Managing treasury risk: Commodity Risk (Part IV)

| 14-2-2017 | Lionel Pavey |

There are lots of discussions concerning risk, but let us start by trying to define what we mean by risk. In my fourth article I will write about commodity risk, what the strategies around commodities are and how to build a commodity risk framework. More information about my first three articles can be found at the end of today’s article.

Commodity Risk

Commodity risk occurs due to changes in price, quantity, quality and politics with regard to the underlying commodities. This can refer to both the commodity as a whole and an input component of a finished good. Commodity risk usually refers to the risk in a physical product, but also occurs in products like electricity. It can affect producers, suppliers and buyers.

Traditionally, commodity price risk was managed by the purchasing department. Here the emphasis was placed on the price – the lower the price, the better. But price is only one component of commodity risk. Price changes can either be observed directly in the commodity or indirectly when the commodity is an input in the finished product.
Availability, especially of energy, is crucial for any company to be able to undertake operations. Combining commodity risk over both Treasury and Purchasing allows these 2 departments to work closer and build a better understanding of the risks involved. It also allows for a comprehensive view of the whole supply chain within a company. A product like electricity is dependent on the input source of production – gas, petroleum, coal, wind, climate – as well as the price and supply of electricity itself.

There are many factors that can determine commodities prices – supply and demand, production capacity, storage, transport. As such it is not as easy to design the risk management model as it is for financial products.

 General strategies that can be implemented

  1. Acceptance
  2. Avoidance
  3. Contract hedging
  4. Correlated hedging

Acceptance would mean that the risk exposure would be unchanged. The company would then absorb all price increases and attempt to pass the increase on when selling the finished product.

Avoidance and/or minimizing means substituting or decreasing the use of certain input components.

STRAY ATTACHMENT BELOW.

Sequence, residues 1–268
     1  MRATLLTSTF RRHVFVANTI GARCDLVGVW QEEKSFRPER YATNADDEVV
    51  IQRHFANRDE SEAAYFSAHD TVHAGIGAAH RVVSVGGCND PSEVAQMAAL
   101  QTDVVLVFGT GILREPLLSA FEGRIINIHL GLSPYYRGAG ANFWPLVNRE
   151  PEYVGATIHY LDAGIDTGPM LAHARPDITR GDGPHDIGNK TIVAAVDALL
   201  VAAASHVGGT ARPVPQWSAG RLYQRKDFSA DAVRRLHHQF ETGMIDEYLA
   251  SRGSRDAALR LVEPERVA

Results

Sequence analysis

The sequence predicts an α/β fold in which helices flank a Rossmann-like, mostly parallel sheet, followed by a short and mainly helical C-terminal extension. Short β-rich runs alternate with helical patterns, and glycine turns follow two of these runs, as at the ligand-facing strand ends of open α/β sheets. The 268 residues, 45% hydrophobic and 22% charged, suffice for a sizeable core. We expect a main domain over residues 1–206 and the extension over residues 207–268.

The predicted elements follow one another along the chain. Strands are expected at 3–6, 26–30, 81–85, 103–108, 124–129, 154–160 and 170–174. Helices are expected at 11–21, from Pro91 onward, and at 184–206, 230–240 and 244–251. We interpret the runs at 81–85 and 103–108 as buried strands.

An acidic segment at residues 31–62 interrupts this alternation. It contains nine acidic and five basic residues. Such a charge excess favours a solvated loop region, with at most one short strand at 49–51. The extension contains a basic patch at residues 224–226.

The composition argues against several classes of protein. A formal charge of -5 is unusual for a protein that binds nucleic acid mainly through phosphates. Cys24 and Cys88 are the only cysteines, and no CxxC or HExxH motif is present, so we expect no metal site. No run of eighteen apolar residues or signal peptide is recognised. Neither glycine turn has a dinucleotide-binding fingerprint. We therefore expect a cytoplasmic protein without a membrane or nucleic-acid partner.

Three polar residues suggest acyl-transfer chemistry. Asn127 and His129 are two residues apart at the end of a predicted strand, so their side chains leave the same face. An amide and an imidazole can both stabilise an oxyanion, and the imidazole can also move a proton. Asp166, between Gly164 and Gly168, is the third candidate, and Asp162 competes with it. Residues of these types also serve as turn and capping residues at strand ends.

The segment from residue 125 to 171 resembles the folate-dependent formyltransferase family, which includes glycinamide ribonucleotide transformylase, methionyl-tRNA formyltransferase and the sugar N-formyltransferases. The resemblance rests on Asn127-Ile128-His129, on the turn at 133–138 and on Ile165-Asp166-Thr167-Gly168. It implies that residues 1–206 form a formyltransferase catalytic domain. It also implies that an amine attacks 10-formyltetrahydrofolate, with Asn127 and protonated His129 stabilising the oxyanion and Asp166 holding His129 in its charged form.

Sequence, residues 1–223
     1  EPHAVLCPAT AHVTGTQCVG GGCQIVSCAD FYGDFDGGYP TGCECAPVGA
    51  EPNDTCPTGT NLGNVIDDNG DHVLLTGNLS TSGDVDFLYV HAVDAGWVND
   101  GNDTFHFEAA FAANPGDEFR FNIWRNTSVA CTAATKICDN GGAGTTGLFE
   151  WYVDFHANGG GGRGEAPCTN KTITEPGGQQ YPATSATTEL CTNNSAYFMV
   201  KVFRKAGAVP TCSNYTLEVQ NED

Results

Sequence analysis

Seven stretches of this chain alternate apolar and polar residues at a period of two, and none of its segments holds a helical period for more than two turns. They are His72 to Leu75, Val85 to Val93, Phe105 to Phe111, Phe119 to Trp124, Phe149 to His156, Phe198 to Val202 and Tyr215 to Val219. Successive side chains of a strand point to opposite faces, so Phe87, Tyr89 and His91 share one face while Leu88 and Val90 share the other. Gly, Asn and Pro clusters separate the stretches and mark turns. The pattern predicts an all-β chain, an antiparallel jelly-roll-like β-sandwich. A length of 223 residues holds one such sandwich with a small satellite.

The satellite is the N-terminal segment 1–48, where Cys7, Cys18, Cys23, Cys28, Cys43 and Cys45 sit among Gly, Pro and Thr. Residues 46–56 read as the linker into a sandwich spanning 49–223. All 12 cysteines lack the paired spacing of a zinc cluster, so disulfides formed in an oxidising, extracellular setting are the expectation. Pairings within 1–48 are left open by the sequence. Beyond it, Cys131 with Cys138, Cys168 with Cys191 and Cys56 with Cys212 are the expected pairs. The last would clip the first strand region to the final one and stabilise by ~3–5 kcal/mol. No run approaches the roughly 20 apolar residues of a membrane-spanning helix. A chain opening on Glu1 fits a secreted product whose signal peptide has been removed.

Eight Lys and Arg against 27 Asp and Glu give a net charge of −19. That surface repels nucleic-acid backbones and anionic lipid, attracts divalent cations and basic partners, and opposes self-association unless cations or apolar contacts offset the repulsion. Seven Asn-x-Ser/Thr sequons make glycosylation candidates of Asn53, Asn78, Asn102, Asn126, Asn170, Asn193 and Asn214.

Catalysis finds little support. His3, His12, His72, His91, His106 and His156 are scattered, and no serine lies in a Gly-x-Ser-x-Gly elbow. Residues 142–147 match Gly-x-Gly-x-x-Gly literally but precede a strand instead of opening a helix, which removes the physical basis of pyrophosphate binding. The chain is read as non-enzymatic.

Contract hedging
Contract hedging means using financial products related to the commodity, such as options and futures as well as swapping price agreements.

Correlated hedging
Correlated hedging means examining the exposure of a commodity – the price of crude oil is always quoted in USD – and taking a hedge in the USD as opposed to the crude oil itself. The 2 products are correlated to a certain extent, though not fully.

Commodity risk framework

Commodity price speculation – most contracts are settled by physical delivery – affects the market more than price speculation in currency markets.
To build a commodity risk framework, attention needs to given to the following:

  1. Identify the risks
  2. Measure the exposure
  3. Identify hedging products
  4. Examine the market
  5. Delegate the responsibility factors within the organization
  6. Involve management and the Board of Directors
  7. Perform analytics on identified positions
  8. Consider the accounting issues
  9. Create a team
  10. Are there system requirements needed

Problems can arise because of the following:

  1. Relevant information is dispersed throughout the company
  2. Management may not be aligned to the programme
  3. Quantifying exposure can be difficult
  4. There is no natural hedge for the exposure
  5. Design of reports and KPI’s can be complex

It requires an integrated commitment from diverse departments and management to understand and implement a robust, concise policy – but this should not be a hindrance to running the policy.

Lionel Pavey



Lionel Pavey

Cash Management and Treasury Specialist 



More articles of this series:

Managing treasury risk: Risk management

Managing treasury risk: Interest rate risk 

Managing treasury risk: Foreign exchange risk